SYDNEY (AP) — An Australian investment banker who admitted chaining a fake bomb to a teenager was reeling from the breakdown of his marriage, drinking heavily and exhibiting wild mood swings in the years before the bizarre extortion attempt, his ex-wife and a psychiatrist said Friday at his sentencing hearing.
But Deborah Peters testified she has no idea why Paul Douglas Peters committed the crime. "I don't know if even Paul knows why he did it," she said.
The 51-year-old faces up to 20 years in prison for tethering a bomb-like device to the neck of then-18-year-old Madeleine Pulver in August 2011 while she was alone in her family's Sydney mansion. In March, he pleaded guilty to aggravated break and enter and committing a serious indictable offense.
It took a bomb squad 10 hours to remove the device, but it contained no explosives and Pulver was not injured. Peters, who wore a rainbow-striped ski mask and wielded a baseball bat in the attack, left a ransom note with an email address that helped authorities track him down.
Peters, who traveled frequently between the United States and Australia on business, fled to the U.S. and was arrested nearly two weeks later at the Louisville, Kentucky, home of his former wife, Deborah Peters. He was extradited to Australia and has remained in prison since.
Deborah Peters wept in New South Wales state District Court on Friday as she described how her then-husband's behavior began to change in 2000.
"Paul started to disconnect," she told the court. "I didn't know who was going to walk through the door. ... One minute he'd be OK; the next minute he'd be upset or angry."
The mood swings coincided with his attempt to write a book, she said. Initially, it was meant to be about a man who finds a key and looks for treasure, she said, but it ended up being much darker, about a villain who kidnapped someone and addicted the victim to drugs.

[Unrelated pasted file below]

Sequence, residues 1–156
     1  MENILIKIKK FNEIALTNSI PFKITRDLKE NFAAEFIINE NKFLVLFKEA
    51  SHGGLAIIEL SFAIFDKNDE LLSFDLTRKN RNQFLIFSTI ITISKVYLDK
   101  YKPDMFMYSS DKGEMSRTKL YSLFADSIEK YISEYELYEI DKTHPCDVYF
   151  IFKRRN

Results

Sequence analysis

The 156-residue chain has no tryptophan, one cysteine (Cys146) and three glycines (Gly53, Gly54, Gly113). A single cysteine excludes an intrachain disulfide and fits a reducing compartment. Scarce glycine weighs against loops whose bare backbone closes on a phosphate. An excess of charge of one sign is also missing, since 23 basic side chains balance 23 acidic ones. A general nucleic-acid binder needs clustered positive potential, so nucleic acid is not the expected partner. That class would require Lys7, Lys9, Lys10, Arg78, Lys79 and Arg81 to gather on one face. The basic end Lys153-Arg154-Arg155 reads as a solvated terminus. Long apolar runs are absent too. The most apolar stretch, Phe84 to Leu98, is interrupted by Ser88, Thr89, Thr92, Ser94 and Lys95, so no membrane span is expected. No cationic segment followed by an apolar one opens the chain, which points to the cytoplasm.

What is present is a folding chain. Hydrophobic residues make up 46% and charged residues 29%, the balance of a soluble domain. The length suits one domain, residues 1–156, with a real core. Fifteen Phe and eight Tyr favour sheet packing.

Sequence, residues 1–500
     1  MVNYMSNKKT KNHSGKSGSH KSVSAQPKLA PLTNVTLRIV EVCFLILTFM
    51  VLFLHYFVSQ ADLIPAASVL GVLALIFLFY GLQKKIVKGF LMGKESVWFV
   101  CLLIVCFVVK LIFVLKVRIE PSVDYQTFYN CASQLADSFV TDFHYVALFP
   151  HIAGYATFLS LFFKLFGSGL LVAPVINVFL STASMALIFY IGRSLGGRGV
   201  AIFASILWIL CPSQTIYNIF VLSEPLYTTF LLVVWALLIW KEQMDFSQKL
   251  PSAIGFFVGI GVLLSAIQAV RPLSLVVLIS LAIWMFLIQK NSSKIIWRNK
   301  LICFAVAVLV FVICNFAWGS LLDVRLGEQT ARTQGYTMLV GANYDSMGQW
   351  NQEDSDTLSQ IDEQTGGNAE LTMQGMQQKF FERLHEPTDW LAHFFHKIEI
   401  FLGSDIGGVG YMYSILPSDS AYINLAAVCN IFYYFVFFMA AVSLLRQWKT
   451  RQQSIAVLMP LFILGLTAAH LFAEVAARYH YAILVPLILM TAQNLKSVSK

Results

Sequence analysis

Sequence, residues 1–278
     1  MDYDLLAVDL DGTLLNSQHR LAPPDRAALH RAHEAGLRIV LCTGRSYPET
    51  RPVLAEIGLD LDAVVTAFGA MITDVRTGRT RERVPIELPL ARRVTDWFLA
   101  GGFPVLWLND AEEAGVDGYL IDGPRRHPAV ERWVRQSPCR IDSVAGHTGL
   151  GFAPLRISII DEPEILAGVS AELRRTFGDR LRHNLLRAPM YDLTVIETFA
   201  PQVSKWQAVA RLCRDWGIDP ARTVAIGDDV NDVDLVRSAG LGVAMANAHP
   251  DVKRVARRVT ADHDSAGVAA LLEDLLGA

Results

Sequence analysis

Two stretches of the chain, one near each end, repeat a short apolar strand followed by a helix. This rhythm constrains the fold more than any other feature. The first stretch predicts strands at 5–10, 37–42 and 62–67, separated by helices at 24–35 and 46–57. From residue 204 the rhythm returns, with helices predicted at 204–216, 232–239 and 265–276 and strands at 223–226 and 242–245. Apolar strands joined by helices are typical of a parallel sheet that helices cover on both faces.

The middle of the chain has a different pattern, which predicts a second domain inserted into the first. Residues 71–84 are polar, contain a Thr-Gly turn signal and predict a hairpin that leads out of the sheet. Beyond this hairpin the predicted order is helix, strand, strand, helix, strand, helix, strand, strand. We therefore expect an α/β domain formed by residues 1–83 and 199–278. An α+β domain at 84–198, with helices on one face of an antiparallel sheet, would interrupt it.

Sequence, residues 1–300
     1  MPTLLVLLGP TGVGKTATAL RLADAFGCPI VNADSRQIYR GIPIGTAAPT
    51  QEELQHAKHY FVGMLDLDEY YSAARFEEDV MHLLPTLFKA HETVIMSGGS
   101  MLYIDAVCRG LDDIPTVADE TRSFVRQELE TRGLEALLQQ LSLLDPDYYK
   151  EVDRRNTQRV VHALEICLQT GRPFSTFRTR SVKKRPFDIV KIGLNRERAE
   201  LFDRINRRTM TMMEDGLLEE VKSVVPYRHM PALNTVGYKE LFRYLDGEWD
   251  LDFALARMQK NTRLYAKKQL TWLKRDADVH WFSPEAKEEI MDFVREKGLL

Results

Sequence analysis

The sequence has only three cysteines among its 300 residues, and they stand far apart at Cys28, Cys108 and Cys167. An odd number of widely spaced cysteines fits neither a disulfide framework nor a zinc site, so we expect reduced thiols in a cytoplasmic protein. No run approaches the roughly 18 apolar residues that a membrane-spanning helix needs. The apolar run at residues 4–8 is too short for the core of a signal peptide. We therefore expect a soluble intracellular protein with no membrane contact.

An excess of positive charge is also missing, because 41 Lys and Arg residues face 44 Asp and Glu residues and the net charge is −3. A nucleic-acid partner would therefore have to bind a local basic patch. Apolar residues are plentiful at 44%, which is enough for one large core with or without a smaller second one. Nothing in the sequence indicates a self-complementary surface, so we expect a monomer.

Peters was determined to finish the novel and was spending hours in the basement working on it, she said. He also began drinking more: up to two bottles of wine and two large gin and tonics with dinner every night, she said.
Deborah Peters testified that she divorced her husband in 2007, after he refused her pleas to get help, but they remained close.
In Feb. 2011, they tried to reconcile. But Peters' behavior grew more erratic, and in May 2011, he threw a fit during their daughter's 16th birthday dinner, Deborah Peters said. She promptly kicked him out.
Psychiatrist Bruce Westmore, testifying for the defense, said Paul Peters was "angry and revengeful" over his failed relationship and separation from his three daughters, was obsessed with his book and may have tried to become the vengeful character in the novel.
Westmore said he believes Peters suffers from depression, but was not psychotic and had an awareness of what he was doing at the time of the crime. Since his arrest, Peters has told the psychiatrist that he has no memory of the attack and described his own actions as "bizarre," ''absurd" and "stupid." But Peters is so complex, pinpointing an exact diagnosis is difficult, Westmore acknowledged.
"I've never met anyone like Mr. Peters before," Westmore said.
Peters, wearing a suit and looking thinner than he did at the time of his arrest, nodded briefly in the direction of his victim's parents, Bill and Belinda Pulver, who sat in the front row of the public gallery. Bill Pulver stared back at him, stone-faced.
It was the first time the two men have come face-to-face. Outside court, Bill Pulver said he found the testimony on Peters' mental state interesting, but ultimately thinks the attack was all about money.
"He threatened our daughter with a baseball bat ... We have no question in our mind what this was all about," Pulver said. "We believe it was clearly an extortion."
Why Peters targeted the wealthy Pulver family has yet to be explained. U.S. court documents show Peters once worked for a company with links to Bill Pulver, but the family says they don't know him and remain confused as to why Madeleine was attacked.
The hearing was adjourned until Oct. 31.